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Windows Server 2012 R2 manual reparation of UEFI system bootloaders.


  • Sun 03 September 2017
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tl;dr: ShadowProtect Recovery restore does not restore partition tables automatically.


Recently, I reconfigured a RAID array on a server. When a RAID configuration is deleted, the data on the volume is lost.

Intuitively, a backup of the system was taken and then was to be restored post of the new RAID configuration being implemented.

This was the job of Storage Craft's Shadow Protect - a system image can be generated, and then via a "Cross Platform Recovery Environment" (A modified CentOS 6 live image) can be used to restore this image.

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For whatever reason, ShadowProtect stored the GPT bootloader partition as a VFAT volume instead of FAT32. My guess is this likely being an implementation anomaly of Linux interacting with a FAT32 filesystem. Just a guess.

Anyway, restoring the volume results in a situation where Windows will not boot and gives the error: "A required device isn't connected or can't be accessed0xc0000225"

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A lot of guides online will tell you to use the following commands to fix this:

bootrec /ScanOS – Scans for compatible OSes.
bootrec /FixMbr – Writes a new master boot record to the HDD or SSD.
bootrec /FixBoot – Writes a new boot sector to the OS partition.
bootrec /RebuildBcd – Scans for compatible Windows installs and creates a new boot loader.

Big problem, these are for BIOS systems - not UEFI.

Older BIOS systems use Master Boot Record (MBR), the process starts by simply reading the first few sectors of the disk (where early stage code is stored).

Newer UEFI systems are capable of reading FAT file system "EFI system partitions". They do not rely on bootsector code at the beginning of a disk!

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For further reading, check out this blog by Adam Williamson, the section under "EFI system partitions" pertains to the above specifically.


ShadowProtect restore complete - Windows doesn't boot.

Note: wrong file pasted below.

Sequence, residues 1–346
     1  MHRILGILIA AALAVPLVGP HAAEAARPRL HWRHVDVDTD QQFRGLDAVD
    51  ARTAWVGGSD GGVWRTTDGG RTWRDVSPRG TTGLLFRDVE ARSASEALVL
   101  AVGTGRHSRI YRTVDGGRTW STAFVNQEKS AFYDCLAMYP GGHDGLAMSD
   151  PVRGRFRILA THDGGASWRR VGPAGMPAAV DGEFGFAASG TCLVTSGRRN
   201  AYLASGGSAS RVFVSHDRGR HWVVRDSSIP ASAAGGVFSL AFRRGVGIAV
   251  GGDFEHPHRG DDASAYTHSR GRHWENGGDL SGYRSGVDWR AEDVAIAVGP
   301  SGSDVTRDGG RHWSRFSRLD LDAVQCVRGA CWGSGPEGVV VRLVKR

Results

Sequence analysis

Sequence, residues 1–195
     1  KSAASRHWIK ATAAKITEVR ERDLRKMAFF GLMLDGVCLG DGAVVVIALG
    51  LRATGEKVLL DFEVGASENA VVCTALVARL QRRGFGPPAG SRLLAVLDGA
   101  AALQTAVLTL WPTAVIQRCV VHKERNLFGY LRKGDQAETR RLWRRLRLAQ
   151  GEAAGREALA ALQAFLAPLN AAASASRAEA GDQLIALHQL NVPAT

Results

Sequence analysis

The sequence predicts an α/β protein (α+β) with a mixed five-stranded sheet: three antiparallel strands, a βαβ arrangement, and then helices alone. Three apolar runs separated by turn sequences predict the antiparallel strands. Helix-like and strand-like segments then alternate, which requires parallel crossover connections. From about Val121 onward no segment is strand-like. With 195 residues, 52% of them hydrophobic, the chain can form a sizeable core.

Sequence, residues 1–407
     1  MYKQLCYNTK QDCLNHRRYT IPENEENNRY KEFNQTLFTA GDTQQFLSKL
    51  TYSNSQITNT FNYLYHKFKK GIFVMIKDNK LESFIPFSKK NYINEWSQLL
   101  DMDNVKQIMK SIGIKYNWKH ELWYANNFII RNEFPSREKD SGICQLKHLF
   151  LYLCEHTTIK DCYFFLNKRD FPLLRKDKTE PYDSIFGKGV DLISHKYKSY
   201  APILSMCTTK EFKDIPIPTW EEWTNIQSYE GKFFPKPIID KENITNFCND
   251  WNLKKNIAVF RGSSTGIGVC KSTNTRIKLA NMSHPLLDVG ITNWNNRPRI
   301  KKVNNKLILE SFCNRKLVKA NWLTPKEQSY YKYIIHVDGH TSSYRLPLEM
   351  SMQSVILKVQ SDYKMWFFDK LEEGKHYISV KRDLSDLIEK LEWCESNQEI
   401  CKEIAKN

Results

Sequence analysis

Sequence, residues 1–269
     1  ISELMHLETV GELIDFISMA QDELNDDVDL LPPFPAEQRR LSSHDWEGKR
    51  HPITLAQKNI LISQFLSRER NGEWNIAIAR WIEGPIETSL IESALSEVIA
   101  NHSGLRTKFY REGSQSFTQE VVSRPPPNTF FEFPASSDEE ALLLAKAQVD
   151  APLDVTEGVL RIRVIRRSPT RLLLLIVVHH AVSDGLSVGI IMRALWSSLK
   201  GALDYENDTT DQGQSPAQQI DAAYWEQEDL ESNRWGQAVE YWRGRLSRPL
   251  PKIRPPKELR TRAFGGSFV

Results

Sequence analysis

Note: For those of you booting USB drives, you may need to enable CSM or change from UEFI to BIOS to get the USB to boot.

Boot into a Windows installer, go into the repair system menu, open a CMD shell, drop into DISKPART, select your disk and list the partitions.

This is what I got:

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Partition 1 shows type as "Unknown", that's bad.

select partition 1
delete
create partition primary
select partition 1
format fs=fat32 quick
list partition

Now it should look like this:

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Partition 1 shows type as "Primary", that's good!

select partition 1
assign letter=a

list volume

You should get something like this:

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Now you've got:

  • EFI System Partition on A:
  • System Reserved on D:
  • System Data (Windows Installation) on C:

Now it's a simple matter of running bcdboot with the correct arguments:

bcdboot c:\Windows /s a: /f UEFI

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/s specifies where to put the boot files, /f specifies what firmware type (BIOS, UEFI, ALL)

Congratulations, you have fixed error "A required device isn't connected or can't be accessed0xc0000225".

Now reboot - make sure your system is in UEFI mode and load the disk.

UPDATE 12/09/17(DMY): Flagging Window GPT EFI System Partitions as Bootable with diskpart

Recall this command:

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bcdboot c:\Windows /s a: /f UEFI

We had to manually mount the FAT32 EFI System Partition (ESP) on "A:" and instruct BCD to place the boot files there. If you dont, bcdboot would error: "The boot configuration data store could not be opened. The system cannot find the file specified."

Manually specifying the target "fixes" this, however the system is still unable to locate the data store on it's own. This is a problem if you attempt to install the Hyper-V service as the BCD record gets modified with hypervisorlaunchtype auto* - *if the system can't find the data store, the Hyper-V installation will fail with code 0x800f0922

So, running diskpart, selecting our disk, and listing the partitions gives up this.

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Our ESP shows as PRIMARY and we want it to say SYSTEM. I assumed that bcdboot simply looked for the SYSTEM partition for the BCD store, this assumption turns out to be correct. Setting the "boot" flag on a partition makes its type SYSTEM.

DISKPART can set a boot flag by running the command ACTIVE. Sadly, if you attempt to use DISKPART, you'll get the following error:

The selected disk is not a fixed MBR disk. The ACTIVE command can only be used on fixed MBR disks.

There is an easy workaround for this, reboot into a live linux instance and use GPARTED to mark the partition as bootable.

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Reboot back into Windows, running diskpart and listing your partitions shows SYSTEM type now.

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Running bcdboot c:\Windows /f UEFI (note: without /s target) works now! The system can find the BCD data store automatically, concordantly Hyper-V installs successfully.